Having had recourse to that measure for the purpose of ascertaining the sense of my people on the expediency of a Reform in the Representation, I have now to recommend that important question to your earliest and most attentive consideration, confident that, in any 411 measures which you may prepare for its adjustment, you will carefully adhere to the acknowledged principles of the Constitution, by which the prerogative of the Crown, the authority of both Houses of Parliament, and the rights and liberties of the people, are equally secured.'* Surely it was not to be supposed, that his Majesty, when he uttered these sentiments, contemplated the introduction of a measure by which the authority of both Houses of Parliament would be virtually destroyed. Let the House look also to what fell from Earl Grey in his reply on the second reading of this Bill, and let them compare his declaration with what had since occurred. He understood the noble Earl distinctly to have stated, that the House of Lords should have the whole control of the measure, and that no improper interference should be had recourse to for the purpose of carrying the Bill. What was the language of the noble Earl? The noble Earl said: 'When the Bill went into the Committee, he should certainly feel it his duty to resist any alterations which he might think inconsistent with the main object which the Bill proposed to carry into effect. But if it could be shown, that any injustice had inadvertently crept into any of the schedules—if it could be shown, that any qualification, not so small as 10l., would be less open to fraud and abuse—he would not resist the correction of such circumstances. It was, at the same time, perfectly true, that he should strongly oppose any diminution of the number of fifty-six boroughs, which it was proposed to disfranchise, and any increase of the 10l. which it was proposed to fix as the minimum of qualification. But the decision on those points would depend on the House, and not on him.'† Here was a clear declaration, that their Lordships would be left to the free and unbiassed exercise of their judgment in dealing with the provisions of the Bill. How far that declaration—that pledge—had been acted up to or redeemed, was fresh in the remembrance of that House. What did this Bill do? Its first provision was, to destroy a large number of boroughs. Now, he would say that, in the best times of the Constitution, the rights of those boroughs were recognized. Some of the most useful* Hansard (third series), vol. iv., p. 84–5.† Ibid., vol. xii., p. 447.412 laws which appeared on the statute-books were enacted in Parliaments in which Members sat for those boroughs that they were now about to disfranchise. Ministers had resigned, because, in the other House, it was deemed advisable to take the enfranchising clauses before the disfranchising. Yet it was strange, that the point of precedence had been considered in the House of Commons as a matter of little importance. In his opinion, the enfranchising clauses ought to have been decided on before the disfranchising; because, by proceeding in that way alone, could they come to a right understanding as to what number of boroughs it would be necessary to abolish. This he would say—that, by the extensive range of disfranchisement which had been agreed upon, they were virtually questioning the validity of those laws which were brought in, or were supported, by the Members who sat for those boroughs which they were now on the point of annihilating. This measure had been forced forward by the worst exertions out of doors. A letter from the King to Earl Grey had been published, which letter contained a statement, amounting to a pledge, that full powers should be placed in the hands of the noble Earl to carry this measure. He should be glad to know from what quarter that information had been received? Again an individual, named Colonel Jones, had, in a public print, stated the substance of a letter addressed by a noble Duke to his Majesty. Whence did Colonel Jones derive his knowledge of that letter? He felt certain, that Colonel Jones derived his knowledge of the letter in question from a high Government office.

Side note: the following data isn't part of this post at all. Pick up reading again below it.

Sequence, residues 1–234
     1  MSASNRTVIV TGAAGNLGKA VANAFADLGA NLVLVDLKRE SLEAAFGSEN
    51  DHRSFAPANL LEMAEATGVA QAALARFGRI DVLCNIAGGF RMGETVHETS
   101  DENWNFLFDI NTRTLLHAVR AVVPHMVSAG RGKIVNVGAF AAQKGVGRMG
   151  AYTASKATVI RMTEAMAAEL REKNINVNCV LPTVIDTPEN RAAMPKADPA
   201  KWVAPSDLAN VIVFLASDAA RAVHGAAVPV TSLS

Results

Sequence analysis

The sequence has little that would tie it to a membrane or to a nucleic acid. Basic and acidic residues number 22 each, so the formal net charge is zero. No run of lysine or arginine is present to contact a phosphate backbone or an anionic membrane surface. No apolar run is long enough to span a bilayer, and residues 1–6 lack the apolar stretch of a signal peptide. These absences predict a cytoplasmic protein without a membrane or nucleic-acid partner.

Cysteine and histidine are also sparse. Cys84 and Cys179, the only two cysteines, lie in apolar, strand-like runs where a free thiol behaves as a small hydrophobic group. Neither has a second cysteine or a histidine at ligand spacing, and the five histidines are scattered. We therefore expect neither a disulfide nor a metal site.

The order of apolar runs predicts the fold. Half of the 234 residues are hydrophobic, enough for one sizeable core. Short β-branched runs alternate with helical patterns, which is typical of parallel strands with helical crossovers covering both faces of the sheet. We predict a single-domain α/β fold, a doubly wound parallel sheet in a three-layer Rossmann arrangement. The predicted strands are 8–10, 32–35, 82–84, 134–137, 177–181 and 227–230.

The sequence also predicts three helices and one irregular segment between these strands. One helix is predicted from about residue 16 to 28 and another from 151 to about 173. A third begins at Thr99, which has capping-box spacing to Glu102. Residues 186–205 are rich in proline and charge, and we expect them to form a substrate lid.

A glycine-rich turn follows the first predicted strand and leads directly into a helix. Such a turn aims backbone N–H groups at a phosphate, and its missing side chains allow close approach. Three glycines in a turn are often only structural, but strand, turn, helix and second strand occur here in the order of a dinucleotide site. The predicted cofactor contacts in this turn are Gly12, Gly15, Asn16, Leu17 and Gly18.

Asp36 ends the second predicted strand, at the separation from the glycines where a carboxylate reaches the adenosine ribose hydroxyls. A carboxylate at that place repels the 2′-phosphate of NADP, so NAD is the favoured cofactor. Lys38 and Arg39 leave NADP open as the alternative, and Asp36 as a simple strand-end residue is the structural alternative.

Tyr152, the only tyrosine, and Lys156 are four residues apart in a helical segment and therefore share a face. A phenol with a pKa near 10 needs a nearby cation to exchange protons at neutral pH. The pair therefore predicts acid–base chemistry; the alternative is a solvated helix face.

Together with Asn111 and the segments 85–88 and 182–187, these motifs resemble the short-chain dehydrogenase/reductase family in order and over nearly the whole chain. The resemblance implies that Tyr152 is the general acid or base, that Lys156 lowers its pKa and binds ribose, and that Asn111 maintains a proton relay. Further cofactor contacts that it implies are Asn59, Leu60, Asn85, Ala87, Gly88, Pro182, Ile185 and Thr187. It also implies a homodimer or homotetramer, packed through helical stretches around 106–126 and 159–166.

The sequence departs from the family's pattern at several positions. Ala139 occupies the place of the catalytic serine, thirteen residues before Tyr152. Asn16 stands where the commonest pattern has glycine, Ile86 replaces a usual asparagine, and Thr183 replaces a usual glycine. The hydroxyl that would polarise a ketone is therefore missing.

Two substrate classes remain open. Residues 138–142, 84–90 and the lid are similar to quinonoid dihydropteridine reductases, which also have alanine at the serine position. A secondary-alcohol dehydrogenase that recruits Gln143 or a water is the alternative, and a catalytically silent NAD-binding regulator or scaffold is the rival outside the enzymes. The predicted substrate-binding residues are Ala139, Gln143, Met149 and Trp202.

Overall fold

§ Sir Edward Sugden